Harassment and abuse continues for people with learning disabilities living independently


Next month (June 18th) sees this year’s annual Learning Disability Week which this year will focus on the continuation of the work launched last year as the ‘Stand by me’  campaign on hate crime.

This report, published by Lemos & Crane and supported by the foundation for people with learning disabilities and the Esmée Fairbairn Foundation, is a series of accounts of ordinary people with learning disabilities whose daily lives are severely impacted by exploitation and cruelty.

It is based on in-depth interviews by frontline practitioners and focuses on the experience of people living independently in the community. It shows a continuing litany of harassment, abuse and related crime.

The report shows that perpetrators tend to be people in the locality, including neighbours, and often young people and schoolchildren.

The report also points out the extent of loneliness felt by many people spoken to, with one in four people saying they had no friends. The author suggests this put them at particular risk, leaving them with “little choice but to visit hostile public spaces and spend time with exploitative and cruel people.”

Dame Jo Williams, Chair or the Care Quality Commission says the report:

reminds us of the importance of ensuring that people with learning disabilities have informal as well as professional support within neighbourhoods and communities – and how important friends, families and neighbours are in keeping people safe.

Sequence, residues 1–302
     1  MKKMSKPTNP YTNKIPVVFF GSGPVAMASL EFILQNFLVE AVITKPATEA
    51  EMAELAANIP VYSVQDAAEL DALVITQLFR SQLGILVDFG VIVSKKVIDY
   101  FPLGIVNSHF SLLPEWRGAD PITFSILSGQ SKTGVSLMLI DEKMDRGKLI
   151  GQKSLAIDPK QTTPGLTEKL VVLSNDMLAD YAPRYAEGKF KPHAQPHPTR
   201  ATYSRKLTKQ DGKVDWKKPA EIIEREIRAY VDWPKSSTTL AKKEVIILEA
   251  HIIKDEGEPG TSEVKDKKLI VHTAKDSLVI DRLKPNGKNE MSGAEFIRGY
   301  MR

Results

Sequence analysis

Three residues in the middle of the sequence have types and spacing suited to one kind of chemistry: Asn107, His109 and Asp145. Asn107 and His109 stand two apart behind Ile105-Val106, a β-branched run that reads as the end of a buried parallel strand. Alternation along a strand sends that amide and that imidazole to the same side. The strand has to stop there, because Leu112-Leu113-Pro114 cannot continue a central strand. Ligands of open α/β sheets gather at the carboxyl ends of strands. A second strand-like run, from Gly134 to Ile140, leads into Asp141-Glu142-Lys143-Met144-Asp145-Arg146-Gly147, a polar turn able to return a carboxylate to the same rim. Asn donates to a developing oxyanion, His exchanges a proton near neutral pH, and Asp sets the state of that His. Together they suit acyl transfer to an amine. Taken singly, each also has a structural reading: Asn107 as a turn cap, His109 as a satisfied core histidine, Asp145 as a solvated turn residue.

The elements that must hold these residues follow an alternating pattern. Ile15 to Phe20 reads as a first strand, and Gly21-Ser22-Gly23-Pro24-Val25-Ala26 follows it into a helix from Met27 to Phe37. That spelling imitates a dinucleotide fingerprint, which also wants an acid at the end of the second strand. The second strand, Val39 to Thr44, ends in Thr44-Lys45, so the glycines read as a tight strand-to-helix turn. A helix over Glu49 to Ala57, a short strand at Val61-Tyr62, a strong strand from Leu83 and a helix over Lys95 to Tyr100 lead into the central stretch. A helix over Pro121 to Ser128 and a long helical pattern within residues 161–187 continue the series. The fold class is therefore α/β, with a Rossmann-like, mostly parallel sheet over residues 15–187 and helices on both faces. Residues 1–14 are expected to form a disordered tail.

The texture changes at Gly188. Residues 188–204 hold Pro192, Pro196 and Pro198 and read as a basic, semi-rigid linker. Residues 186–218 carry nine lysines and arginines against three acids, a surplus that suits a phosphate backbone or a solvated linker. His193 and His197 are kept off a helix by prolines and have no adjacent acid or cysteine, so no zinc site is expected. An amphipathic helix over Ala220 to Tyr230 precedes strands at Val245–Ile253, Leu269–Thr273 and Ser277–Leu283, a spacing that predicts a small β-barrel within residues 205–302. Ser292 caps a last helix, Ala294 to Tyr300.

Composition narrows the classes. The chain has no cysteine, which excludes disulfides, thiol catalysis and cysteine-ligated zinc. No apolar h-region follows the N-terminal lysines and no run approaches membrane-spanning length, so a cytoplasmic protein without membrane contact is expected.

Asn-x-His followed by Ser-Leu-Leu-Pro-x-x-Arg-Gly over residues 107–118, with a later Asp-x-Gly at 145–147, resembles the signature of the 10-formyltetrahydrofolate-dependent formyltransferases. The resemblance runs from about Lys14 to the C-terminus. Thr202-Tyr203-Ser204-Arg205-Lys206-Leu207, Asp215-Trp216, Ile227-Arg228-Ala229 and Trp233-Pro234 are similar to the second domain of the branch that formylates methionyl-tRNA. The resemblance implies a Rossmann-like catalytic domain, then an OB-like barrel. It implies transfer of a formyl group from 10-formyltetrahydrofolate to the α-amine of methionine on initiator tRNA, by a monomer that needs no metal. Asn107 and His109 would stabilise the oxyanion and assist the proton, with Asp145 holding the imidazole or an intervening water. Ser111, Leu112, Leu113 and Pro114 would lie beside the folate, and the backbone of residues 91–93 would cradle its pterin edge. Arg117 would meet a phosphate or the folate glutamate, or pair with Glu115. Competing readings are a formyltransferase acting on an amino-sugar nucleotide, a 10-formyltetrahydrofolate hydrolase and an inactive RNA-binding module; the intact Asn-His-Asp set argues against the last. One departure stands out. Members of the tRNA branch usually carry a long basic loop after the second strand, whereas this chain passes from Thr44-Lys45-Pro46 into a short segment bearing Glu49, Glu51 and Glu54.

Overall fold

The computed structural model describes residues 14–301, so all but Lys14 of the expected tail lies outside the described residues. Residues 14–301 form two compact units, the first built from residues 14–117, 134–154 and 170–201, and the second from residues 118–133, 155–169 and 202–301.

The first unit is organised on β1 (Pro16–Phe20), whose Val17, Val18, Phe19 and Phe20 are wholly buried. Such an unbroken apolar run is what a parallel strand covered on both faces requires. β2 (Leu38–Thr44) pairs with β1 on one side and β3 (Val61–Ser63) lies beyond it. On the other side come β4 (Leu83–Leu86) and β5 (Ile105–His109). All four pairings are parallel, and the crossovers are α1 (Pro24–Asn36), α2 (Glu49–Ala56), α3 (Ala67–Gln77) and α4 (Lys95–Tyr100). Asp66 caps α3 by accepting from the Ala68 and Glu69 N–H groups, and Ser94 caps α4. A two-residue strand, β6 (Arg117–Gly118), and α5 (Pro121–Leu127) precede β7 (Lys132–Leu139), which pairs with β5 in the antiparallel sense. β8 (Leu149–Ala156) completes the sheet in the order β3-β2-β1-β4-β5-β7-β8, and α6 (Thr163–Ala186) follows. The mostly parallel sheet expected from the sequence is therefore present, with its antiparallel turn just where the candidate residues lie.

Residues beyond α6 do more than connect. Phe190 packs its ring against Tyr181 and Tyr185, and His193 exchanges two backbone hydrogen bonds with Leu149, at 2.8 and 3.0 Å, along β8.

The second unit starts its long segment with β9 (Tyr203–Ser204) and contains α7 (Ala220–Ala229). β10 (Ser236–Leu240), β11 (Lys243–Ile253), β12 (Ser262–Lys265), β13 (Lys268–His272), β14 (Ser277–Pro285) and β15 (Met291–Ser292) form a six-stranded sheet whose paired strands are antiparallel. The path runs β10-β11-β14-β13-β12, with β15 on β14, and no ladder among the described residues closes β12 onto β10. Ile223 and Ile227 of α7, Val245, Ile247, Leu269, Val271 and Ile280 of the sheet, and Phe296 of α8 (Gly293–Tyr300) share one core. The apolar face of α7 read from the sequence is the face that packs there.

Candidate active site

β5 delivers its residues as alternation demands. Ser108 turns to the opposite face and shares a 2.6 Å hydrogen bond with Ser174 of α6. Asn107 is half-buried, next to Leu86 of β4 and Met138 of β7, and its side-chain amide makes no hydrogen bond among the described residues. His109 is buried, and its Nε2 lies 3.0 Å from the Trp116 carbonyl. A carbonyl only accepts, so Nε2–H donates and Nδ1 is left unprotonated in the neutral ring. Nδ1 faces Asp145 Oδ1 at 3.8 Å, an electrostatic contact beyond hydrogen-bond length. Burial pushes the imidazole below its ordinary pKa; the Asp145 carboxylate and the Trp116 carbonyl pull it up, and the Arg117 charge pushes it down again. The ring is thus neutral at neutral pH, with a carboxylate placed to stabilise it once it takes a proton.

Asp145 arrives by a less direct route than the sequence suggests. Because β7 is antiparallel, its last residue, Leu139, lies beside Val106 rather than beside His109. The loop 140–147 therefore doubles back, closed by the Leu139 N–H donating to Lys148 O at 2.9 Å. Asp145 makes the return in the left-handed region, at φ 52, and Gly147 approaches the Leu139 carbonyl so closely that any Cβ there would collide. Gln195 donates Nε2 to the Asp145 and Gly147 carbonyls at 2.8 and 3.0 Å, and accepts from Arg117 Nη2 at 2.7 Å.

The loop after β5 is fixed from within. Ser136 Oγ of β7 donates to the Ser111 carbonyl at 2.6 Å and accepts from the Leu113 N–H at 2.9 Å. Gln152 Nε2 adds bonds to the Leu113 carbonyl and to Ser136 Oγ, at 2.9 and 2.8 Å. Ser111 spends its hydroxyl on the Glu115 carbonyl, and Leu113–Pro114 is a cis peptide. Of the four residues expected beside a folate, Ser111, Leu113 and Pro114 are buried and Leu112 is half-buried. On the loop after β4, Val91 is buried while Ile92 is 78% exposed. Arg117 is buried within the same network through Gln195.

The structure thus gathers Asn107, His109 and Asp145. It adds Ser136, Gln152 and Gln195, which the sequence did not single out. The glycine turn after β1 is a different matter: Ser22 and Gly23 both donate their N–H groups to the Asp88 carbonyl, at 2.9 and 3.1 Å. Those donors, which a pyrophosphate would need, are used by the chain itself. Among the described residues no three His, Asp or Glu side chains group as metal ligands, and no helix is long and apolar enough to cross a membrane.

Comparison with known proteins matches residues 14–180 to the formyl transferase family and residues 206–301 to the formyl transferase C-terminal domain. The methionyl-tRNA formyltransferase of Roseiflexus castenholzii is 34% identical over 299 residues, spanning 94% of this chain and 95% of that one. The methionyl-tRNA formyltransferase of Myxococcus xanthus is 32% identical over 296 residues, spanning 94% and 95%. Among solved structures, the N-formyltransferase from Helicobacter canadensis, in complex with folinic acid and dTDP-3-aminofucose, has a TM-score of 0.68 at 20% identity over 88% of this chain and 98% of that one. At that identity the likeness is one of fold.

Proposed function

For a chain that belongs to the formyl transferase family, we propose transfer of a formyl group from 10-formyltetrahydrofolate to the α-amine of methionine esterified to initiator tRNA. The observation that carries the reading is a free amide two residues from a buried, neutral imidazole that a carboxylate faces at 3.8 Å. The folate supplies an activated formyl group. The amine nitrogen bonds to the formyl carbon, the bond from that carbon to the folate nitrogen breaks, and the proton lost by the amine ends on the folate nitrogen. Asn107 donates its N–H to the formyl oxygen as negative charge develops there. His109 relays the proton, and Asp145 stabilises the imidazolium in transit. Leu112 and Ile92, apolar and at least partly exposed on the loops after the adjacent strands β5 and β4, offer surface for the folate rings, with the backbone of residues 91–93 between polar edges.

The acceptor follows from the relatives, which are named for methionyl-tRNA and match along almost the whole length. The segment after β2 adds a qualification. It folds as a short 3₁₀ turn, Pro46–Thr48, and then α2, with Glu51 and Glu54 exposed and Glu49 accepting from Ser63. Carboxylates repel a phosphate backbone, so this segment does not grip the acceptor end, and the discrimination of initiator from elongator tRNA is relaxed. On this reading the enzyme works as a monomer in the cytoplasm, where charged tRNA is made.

You can download the full report here  (requires site registration) Loneliness and Cruelty: people with learning disabilities and their experiences of harassment, abuse and related crime in the community Gravell C, Lemos and Crane

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John Northfield

After qualifying as a social worker, John worked in community learning disability teams before getting involved in a number of long-stay hospital closure programmes, working to develop individual plans for people moving into their own homes. He worked for BILD, helping to develop the Quality Network and was editorial lead for the NHS electronic library learning disabilities specialist collection. This led him to found the Learning Disabilities Elf site with Andre Tomlin as a way of making the evidence accessible to practitioners in health and social care. Most recently he has worked as part of Mencap's national quality team and also been involved in a number of national website developments, including the General Medical Council's learning disabilities site.

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